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, 09 November 2008 16:30
Ralph Waldo Emerson was born in 1803 and died in 1882. At the age of eight, he became fatherless. After an austere youth and studies at Harvard, he first became an Unitarian minister in Boston before evolving into the famous essayist, poet (he said: « I am born a poet, of a low class without doubt, yet a poet. That is my nature and vocation. ») and popular philosopher that we know. After marrying Lydia Jackson in 1835, he settled in Concord near Boston. The year 1836 was marked by the publication of his essay on Nature. He was thus to be greeted by the young generation who saw in him the new mentor of America. Thoreau was his neighbor and disciple, and became during his life a living illustration of the principles advocated by Emerson, particularly through his book Walden. In 1837, "The American scholar" is a speech in favour of the defense of a real American culture which, according to James Russell Lowell, "cut off the cable which linked America to British thought".
He not only remains as the "philosopher of optimism" of the 19th century, but also as a champion of feeling for nature. He was inspired by Romanticism, Neo-Platonism, Kantianism, and Hinduism, and developed an "existentialist" ethics of self-improvement. His essay "SelfConfidence" provided the basis of a new identity for America. Ralph Waldo Emerson and Henry David Thoreau were contemporaries and friends. They both belonged to the current of Transcendentalism, which defends the immanence of the All in each element, even the minutest, and within oneself. It is linked not only to German romanticism and idealism but also to the great Asian religions (Hinduism, Buddhism). It is not transcendence by means of the supernatural, but an inner transcendence. It consists in a transformation of the interiority by a mystical or poetical experience, by an experience of being one with nature. The individual and his action are seen as the essential factotrs in morals
in science. God is deemed to be closer to the Atman (Hindu conception).and politics. They also advocate self-discipline in daily life. He first notes that when one want to be alone. and preserve for many generations the remembrance of the city of God which had been shown!" All the objects in nature entail such an impression of wisdom. Nature: Emerson first sought an answer to the question of the place of man in a "science" of nature. yet holds connexions and living communications with the earth. how would men believe and adore. which is beyond human personality. He says: "His intercourse with heaven and earth becomes part of his daily food. is itself a revelation of an omnipotent mind! God delights to diffuse himself everywhere ». Transcendentalism was born close to the Unitarian church. one can look at the stars because they inspire a feeling of respect. 1828: «How much of God may be seen in the structure of a simple leaf. the universal soul or spirit. In the presence of nature. His essay. where rituals are not considered to be as important as the inner experience and as outward behavior. slavery or alcoholism. and even in religion. which. The commitment of the believer has to lead to action: against poverty. William Ellery CHANNING. 1. He add: "If the stars should appear one night in a thousand years. and through these sympathies with the universe. was published in 1836. It is a humanistic and social religion. Nature: it is an experience of solitude." This power of ecstasy is not due . and the distant sun. the clouds. mainly established in New England. and is the main text by Emerson and about transcendantalism. the air. It is divided into 8 parts. Nature. and the Holy Spirit) which is not present in the Bible and insist on the human nature of Jesus. Likeness to God. ignorance. in spite of real sorrows. The Unitarians contest the Trinity (God. Transcendentalism does not recognize either the Trinity or God as a person. happiness and simplicity. a wild delight runs through the man. Emerson insists on the importance of this link between man and nature. though so frail as to tremble in every wind. because they remain inaccessible. Jesus.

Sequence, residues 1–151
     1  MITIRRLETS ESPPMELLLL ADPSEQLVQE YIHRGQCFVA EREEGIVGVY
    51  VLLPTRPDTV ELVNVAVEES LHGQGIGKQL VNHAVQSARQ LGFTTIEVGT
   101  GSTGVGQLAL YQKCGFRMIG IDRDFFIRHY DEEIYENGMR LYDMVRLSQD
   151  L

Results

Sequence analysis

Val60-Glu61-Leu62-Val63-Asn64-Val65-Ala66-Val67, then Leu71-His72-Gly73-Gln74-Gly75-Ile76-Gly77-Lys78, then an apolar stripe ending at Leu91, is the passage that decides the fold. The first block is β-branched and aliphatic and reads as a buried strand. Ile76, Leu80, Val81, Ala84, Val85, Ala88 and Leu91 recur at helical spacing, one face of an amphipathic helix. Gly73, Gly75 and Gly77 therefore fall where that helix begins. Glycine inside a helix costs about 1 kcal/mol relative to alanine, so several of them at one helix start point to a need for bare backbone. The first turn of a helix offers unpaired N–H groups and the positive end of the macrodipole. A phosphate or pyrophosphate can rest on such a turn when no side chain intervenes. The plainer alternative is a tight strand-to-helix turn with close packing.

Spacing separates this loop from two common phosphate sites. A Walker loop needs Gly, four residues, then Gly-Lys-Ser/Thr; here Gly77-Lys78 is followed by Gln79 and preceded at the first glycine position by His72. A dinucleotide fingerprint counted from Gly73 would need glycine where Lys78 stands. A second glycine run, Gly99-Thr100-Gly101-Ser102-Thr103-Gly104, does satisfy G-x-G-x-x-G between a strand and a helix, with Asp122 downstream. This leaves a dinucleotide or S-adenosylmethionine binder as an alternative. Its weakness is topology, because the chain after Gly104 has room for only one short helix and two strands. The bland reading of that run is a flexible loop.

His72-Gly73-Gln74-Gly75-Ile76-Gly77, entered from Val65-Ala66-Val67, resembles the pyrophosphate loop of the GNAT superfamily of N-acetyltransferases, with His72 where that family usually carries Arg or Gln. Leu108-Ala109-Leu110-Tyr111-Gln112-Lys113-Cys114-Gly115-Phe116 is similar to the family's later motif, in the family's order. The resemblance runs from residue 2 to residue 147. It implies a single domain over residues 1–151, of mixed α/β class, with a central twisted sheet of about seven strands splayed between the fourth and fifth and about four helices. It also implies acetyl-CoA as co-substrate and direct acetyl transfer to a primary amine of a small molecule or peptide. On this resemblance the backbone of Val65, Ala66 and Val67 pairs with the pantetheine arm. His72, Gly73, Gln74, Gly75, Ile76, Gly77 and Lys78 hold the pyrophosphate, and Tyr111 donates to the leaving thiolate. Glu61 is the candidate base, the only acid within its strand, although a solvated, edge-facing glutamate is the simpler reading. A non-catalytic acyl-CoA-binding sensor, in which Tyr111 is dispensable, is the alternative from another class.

Fêtes Galantes]. We can take the example of the ploughman: his activity is always linked to nature. "Language is a third use which Nature subserves to man". The wind sows the seed. Beauty: he divides it into three elements: first. Spirit primarily means wind. and thus the endless circulations of the divine charity nourish man". as a relief for men. the ice. to the season. 5. as they are for Plato. Discipline: Every material event is a lesson which the soul has to take as a spiritual lesson. "Right means straight. Commodity: Nature is perfectly fitted for human beings. but to the human. when the latter writes. In fact. beauty as "the mark God sets upon virtue". he note that words are signs of natural facts. for instance "your soul is a selected landscape" [votre âme est un paysage choisi. For instance. the wind blows the vapor to the field. and beauty. However. both are complementary. Goodness and Beauty are the same thing ("Truth. Concerning this aspect. This can be compared to the symbolism in poetry. 4. like that of Paul Verlaine. Language: for Emerson. Then. that he sees beauty and virtue "when Leonidas and his three hundred martyrs consume one day in dying. and goodness. condenses rain on this. the sun evaporates the sea. the rain feeds the plant. 2. his vision does not reject industry as being in contradiction with nature: for him. wrong means twisted. he provided a really romantic explanation of the phenomenon. as Emerson said: "All the parts incessantly work into each other's hands for the profit of man. Then. transgression.only to nature. To finish. on contact with nature. he realizes the existence of a universal symbolism. are but different faces of the same All"). for instance. The ploughman has to follow the constancy of nature as a discipline to achieve . the crossing of a line". when he says: "Every natural fact is a symbol of some spiritual fact". when he says. Finally. Emerson seems to have an idyllic vision of nature as something which is alive and surrounds men and which is at their service. Discipline can be defined as a capacity to make one's actions dependent on some key principles. 3. saying for instance that "The production of a work of art throws a light upon the mystery of humanity". beauty as a pleasure in perceiving natural forms. Emerson adds that we have to use the pleasure of nature with some moderation because "Nature always wears the colors of the spirit". he considers beauty as an object of the intellect. the plant feeds the animal. His conceptions of values are really close to those of the Greeks: for him Truth. on the other side of the planet. to the harmony between the two. we become an integral part of God. and the sun and moon come each and look at them once in the steep defile of Thermopylae". First.